What is meditative prayer if not poetry, a seeking to understand? The first example that comes to mind are the psalms of the Bible – a well known example of poetic prayer. However, it is more than just that. As a creative writer I search for words for the inexpressible, as a person of faith I entertain the unknown. Underlying both is a mystery. There are times that I am seized by something awesome, transforming, soul altering. Then I cannot attribute what I have put down on paper to any particular thought process or mortal inspiration. It is much more than that – as if something – or some being beyond me – used me. I do not understand, but accept the gift of divine inspiration. And whenever a poem forms from words, from fragments? I feel something working through me: a puzzle maker who is the only one who knows what the complete picture will be. When I engage in meditative prayer I also connect with something, or a being beyond me, that I call God. To pray I need to have faith, as there is that which I accept I don’t completely understand.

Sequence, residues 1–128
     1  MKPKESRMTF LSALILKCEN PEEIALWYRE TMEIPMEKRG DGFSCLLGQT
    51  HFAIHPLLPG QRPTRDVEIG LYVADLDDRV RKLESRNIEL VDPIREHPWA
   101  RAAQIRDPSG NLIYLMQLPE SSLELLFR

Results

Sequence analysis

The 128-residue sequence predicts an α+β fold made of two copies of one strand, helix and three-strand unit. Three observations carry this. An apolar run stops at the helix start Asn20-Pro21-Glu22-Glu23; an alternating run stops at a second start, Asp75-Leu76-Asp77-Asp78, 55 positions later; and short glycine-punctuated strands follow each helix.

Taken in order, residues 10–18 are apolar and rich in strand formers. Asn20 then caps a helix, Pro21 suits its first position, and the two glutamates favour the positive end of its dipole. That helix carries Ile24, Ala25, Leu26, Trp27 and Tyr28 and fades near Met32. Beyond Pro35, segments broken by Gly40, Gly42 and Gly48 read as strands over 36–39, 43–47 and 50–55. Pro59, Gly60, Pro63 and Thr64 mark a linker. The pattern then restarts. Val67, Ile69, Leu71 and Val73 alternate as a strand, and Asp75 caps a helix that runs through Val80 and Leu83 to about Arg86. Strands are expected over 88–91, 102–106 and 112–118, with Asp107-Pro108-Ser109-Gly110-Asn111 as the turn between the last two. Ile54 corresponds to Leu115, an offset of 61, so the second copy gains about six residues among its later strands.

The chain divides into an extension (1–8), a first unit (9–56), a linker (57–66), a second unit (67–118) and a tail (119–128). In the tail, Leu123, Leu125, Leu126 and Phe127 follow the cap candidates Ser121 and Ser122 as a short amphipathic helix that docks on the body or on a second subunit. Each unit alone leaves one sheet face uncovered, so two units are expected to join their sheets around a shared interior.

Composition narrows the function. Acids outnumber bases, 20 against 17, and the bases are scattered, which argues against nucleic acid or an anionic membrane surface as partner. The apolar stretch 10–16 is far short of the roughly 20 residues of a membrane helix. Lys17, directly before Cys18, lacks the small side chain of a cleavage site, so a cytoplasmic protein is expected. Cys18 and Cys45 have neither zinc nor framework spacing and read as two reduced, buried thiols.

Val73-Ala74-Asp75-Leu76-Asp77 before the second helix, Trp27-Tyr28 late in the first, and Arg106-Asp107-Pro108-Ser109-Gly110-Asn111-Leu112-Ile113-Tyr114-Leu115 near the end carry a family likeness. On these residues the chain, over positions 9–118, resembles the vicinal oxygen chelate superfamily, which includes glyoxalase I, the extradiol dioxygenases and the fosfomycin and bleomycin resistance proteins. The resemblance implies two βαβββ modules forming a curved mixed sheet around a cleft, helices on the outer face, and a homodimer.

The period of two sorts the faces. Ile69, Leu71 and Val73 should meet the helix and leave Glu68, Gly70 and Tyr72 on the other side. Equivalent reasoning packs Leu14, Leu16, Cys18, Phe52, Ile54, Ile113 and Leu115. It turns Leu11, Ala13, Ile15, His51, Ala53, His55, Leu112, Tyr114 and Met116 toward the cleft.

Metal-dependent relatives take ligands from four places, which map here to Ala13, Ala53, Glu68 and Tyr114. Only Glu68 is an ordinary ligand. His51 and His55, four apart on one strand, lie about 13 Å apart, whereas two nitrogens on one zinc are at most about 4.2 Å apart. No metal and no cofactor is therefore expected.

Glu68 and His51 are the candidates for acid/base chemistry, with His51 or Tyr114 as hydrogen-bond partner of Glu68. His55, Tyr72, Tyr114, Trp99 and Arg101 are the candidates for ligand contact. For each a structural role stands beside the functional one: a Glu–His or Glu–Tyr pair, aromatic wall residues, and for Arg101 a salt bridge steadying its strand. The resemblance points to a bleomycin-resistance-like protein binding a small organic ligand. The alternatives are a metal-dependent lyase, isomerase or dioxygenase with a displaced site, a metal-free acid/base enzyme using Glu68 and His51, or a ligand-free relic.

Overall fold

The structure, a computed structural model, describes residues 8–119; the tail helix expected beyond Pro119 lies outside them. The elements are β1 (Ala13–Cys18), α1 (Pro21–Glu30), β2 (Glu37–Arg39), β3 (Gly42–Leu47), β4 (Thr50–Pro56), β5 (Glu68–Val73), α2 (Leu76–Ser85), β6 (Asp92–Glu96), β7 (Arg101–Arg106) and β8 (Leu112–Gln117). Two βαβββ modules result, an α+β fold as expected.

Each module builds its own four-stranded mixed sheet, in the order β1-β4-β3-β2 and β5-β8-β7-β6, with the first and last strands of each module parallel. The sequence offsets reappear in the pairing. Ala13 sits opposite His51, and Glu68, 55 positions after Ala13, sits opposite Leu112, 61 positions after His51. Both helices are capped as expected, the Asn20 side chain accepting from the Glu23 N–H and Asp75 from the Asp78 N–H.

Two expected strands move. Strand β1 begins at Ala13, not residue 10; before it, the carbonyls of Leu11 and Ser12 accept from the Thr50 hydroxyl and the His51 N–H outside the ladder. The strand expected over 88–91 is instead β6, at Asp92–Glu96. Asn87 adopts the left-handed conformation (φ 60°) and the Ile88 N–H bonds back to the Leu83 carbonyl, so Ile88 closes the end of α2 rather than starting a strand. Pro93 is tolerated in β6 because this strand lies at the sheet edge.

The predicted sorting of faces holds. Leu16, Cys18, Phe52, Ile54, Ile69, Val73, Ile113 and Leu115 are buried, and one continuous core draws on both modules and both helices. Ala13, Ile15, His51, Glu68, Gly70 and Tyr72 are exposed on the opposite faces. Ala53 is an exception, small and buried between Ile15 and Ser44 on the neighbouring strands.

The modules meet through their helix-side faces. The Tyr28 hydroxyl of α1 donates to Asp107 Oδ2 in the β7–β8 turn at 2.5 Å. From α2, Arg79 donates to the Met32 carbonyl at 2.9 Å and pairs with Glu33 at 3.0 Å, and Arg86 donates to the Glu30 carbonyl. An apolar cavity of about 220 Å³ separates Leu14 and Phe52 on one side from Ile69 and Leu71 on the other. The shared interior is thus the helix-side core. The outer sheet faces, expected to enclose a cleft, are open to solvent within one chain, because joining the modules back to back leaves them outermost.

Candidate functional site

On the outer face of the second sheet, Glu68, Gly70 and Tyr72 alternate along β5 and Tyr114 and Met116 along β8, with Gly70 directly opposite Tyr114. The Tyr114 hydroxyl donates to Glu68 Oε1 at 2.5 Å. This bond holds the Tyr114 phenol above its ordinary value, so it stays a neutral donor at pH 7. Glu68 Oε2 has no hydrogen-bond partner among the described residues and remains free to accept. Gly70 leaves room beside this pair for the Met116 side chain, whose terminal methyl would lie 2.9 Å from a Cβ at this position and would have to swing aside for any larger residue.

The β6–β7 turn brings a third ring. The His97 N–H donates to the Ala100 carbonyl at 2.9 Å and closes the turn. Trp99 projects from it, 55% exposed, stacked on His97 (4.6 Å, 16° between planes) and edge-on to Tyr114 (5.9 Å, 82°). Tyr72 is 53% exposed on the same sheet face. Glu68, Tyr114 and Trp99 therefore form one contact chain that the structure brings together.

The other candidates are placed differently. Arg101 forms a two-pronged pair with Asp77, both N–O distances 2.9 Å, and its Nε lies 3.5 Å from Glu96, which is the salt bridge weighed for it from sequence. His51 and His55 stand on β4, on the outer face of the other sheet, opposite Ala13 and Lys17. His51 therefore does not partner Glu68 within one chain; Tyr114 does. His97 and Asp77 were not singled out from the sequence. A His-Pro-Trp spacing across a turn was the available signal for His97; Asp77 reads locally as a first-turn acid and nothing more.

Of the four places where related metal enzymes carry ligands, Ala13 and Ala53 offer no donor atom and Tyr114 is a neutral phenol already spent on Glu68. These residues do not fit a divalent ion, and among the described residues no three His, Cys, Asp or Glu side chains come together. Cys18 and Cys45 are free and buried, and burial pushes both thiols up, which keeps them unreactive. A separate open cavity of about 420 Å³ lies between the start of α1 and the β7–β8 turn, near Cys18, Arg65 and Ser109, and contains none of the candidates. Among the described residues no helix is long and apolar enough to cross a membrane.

As in prayer, as in poetry, so in dance, hence my tagline of the dancing poet. There are times that I dance and the person I am dancing with asks what I just did and I helplessly shrug as I say, “I danced”. I have faith that there is something larger at work. The three (prayer, poetry, and dance) interpenetrate my being. To examine or represent only one is to see a small part. To see all and be all three is much more: the sum is greater than the parts.
If you are interested in more there is a Huffington Post article on just poetry and prayer, and a book, ‘A God in the House: Poets Talk About Faith,’ co-edited by Katherine Towler and Ilya Kaminsky.
And I leave you with a thought via Asato Ma, an ancient prayer from India that is a song for peace. If poetry and dance and prayer, why not song, why not all creative processes?